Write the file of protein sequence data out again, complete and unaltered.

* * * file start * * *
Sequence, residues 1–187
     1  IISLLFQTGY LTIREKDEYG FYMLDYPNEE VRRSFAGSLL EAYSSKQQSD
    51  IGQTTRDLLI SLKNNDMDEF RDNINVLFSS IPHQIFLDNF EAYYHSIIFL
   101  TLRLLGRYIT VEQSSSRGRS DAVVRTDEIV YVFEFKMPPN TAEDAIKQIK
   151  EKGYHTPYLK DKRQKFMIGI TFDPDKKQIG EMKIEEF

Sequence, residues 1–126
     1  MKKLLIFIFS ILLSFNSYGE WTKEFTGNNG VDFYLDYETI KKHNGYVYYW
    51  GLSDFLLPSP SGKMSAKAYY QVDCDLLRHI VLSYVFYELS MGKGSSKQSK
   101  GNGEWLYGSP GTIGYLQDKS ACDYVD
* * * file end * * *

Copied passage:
Sequence, residues 1–187
     1  IISLLFQTGY LTIREKDEYG FYMLDYPNEE VRRSFAGSLL EAYSSKQQSD
    51  IGQTTRDLLI SLKNNDMDEF RDNINVLFSS IPHQIFLDNF EAYYHSIIFL
   101  TLRLLGRYIT VEQSSSRGRS DAVVRTDEIV YVFEFKMPPN TAEDAIKQIK
   151  EKGYHTPYLK DKRQKFMIGI TFDPDKKQIG EMKIEEF

Sequence, residues 1–126
     1  MKKLLIFIFS ILLSFNSYGE WTKEFTGNNG VDFYLDYETI KKHNGYVYYW
    51  GLSDFLLPSP SGKMSAKAYY QVDCDLLRHI VLSYVFYELS MGKGSSKQSK
   101  GNGEWLYGSP GTIGYLQDKS ACDYVD